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The Mixtec language spoken in Santa María Zacatepec is a variety of Coastal Mixtec. Like all varieties of Mixtec, it belongs to the Mixtec language family, which is part of the Oto-manguean stock. Most of the speakers of the language call it tacuate in Spanish. According to the 2000 INEGI census, this language is spoken by 4000 people in Santa María Zacatepec, Putla District, Oaxaca, Mexico, and also in Santiago Ixtayutla, Jamiltepec District. These two towns are in the southwestern part of the state of Oaxaca, to the north and northeast of the city of Pinotepa Nacional.
The word tacuate comes from Náhuatl (Aztec), whose speakers dominated this area in the prehispanic era. They named the Mixtecs of this area tata-coatl "Serpent lord". As time passed, the name became tacuate in Spanish.
The word Zacatepec, as in the name of the town Santa María Zacatepec, is also a náhuatl word that means "mountain of dry stalks". They say that it was called this because there used to be many houses made of dry stalks there and they could be seen from far away. The "tacuates", when they speak of their own town, call it Ñoo, which means "our town" in their language. Some of the Mixtecs who come from the coast call the town Yuku Chatuta. Some say that means "mountain of dry stalks" in Mixtec, while others say that it means "mountain of those who give atole". (Atole is a hot beverage made with corn flour, or oatmeal.)
General information about the Mixtec town
The majority of the "tacuates" work in the fields; for subsistence living, they grow corn, beans, and squash. They raise chilis to sell. The income from those sales barely covers the cost of the fertilizer and insect spray.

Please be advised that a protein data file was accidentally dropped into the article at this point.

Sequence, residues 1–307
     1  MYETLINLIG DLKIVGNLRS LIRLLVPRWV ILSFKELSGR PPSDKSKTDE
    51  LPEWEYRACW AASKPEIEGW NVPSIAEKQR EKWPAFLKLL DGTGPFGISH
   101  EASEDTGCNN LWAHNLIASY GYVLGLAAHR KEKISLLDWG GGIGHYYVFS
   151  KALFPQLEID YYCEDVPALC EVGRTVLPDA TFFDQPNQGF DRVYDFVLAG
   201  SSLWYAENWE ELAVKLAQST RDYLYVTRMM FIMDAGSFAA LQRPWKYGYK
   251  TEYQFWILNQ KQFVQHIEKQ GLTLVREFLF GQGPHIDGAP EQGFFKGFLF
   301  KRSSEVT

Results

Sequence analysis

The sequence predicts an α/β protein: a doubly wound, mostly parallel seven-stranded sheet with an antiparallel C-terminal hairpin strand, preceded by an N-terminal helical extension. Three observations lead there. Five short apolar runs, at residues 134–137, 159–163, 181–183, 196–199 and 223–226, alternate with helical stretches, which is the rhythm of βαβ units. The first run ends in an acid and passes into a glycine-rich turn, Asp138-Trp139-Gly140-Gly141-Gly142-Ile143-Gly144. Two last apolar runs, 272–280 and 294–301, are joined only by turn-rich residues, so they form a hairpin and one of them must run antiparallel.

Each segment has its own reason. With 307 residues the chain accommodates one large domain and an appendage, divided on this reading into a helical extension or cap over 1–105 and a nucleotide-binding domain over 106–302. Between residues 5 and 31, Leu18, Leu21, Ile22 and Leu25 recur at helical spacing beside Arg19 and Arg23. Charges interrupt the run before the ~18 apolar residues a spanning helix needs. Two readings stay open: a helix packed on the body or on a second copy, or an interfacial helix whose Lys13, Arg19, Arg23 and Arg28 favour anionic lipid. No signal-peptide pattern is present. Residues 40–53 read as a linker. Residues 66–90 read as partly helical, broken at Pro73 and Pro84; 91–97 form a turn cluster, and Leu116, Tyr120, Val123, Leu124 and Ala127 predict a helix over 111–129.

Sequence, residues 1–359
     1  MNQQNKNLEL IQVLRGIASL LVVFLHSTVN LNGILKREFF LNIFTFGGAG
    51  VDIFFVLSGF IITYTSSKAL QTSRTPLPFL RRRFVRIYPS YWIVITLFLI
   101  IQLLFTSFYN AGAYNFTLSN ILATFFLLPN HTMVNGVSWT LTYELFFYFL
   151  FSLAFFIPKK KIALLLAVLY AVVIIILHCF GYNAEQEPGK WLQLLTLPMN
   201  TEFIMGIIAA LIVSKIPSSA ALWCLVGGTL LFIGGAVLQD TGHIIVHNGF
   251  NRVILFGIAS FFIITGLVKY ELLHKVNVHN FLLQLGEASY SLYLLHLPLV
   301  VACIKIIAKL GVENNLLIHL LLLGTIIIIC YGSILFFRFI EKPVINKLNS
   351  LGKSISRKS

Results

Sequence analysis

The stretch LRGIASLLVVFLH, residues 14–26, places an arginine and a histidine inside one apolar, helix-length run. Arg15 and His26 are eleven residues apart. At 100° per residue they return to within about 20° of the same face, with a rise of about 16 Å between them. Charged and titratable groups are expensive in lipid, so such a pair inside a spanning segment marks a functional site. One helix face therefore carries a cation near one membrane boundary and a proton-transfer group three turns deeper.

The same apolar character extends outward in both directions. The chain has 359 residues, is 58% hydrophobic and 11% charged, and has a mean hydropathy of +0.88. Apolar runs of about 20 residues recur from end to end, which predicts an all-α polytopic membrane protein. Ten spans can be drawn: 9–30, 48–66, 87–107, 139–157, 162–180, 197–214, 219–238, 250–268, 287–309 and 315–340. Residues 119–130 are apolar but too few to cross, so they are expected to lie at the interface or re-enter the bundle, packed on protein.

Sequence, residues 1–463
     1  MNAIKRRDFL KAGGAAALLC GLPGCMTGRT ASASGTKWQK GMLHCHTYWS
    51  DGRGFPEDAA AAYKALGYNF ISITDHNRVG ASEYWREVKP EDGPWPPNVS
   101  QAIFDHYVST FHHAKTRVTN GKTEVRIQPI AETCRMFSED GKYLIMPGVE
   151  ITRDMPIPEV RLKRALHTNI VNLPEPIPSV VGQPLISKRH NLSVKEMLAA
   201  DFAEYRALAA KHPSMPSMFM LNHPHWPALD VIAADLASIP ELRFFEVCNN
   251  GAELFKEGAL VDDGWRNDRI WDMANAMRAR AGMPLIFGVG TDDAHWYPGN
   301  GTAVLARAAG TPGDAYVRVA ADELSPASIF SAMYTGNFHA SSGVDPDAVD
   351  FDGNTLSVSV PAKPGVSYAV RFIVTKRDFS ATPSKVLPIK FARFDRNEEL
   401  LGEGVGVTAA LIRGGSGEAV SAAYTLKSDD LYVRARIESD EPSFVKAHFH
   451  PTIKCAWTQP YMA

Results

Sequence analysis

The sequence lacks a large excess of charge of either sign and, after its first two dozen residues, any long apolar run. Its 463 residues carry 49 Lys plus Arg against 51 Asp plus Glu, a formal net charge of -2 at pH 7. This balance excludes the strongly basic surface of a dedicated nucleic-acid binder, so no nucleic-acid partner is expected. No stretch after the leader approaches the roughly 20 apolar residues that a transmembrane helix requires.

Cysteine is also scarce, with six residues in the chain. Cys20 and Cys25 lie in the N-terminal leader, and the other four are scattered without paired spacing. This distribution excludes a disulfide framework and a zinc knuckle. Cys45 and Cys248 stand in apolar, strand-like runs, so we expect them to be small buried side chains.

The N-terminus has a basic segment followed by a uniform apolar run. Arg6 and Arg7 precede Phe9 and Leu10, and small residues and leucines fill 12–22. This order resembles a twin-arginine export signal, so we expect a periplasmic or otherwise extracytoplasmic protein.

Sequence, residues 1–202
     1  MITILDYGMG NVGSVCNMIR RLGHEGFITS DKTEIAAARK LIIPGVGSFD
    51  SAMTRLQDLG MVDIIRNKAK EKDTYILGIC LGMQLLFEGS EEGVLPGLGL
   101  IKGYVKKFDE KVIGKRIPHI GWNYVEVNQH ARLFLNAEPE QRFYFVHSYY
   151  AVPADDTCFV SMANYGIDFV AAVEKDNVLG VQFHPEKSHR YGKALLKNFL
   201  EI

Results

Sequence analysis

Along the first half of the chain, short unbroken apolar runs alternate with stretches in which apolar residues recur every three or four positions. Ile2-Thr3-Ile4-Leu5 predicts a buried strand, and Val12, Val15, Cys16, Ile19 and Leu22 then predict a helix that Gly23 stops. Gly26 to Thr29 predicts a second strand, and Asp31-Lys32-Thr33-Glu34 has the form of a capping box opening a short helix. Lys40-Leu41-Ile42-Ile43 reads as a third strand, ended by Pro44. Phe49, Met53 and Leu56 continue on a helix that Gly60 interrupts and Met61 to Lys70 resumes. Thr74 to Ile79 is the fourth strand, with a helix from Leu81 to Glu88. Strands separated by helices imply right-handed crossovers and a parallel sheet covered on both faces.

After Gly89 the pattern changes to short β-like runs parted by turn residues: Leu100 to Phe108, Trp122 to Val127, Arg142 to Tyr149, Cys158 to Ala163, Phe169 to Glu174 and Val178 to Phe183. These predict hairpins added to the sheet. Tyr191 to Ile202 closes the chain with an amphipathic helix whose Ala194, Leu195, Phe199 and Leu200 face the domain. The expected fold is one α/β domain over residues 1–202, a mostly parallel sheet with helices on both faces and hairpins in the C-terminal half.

Because of this, many townspeople get discouraged and stop working their fields and go to cities in various parts of Mexico or elsewhere. Because of the migration, the "tacuate" language and customs are in grave risk of extinction.
Tacuate has two different pronouns for first person plural. One is yo , or its dependent form -o; this pronoun includes the listeners and it is called "inclusive", as in the example below.
Our son is very sick. (A man speaks to his wife about their son.)
The other, ndyu'u, or its dependent form ndi, does not include the listeners and it is therefore called "exclusive". Note the difference.
Doctor, our son is very sick. (A man speaks to a doctor about his and his wife's son, not the doctor's son, obviously.)
In Tacuate, the first person plural inclusive pronoun has two additional functions. The first such use is in speaking in general, not referring to anyone in particular with this pronoun.
Íyo yi ña
It is necessary
we will eat
You always have to wash your hands before you eat.
The first person plural inclusive pronoun is also used when speaking to oneself.
shall I do
What shall I do now? There's a wild animal coming at me.
—Douglas and Linda Towne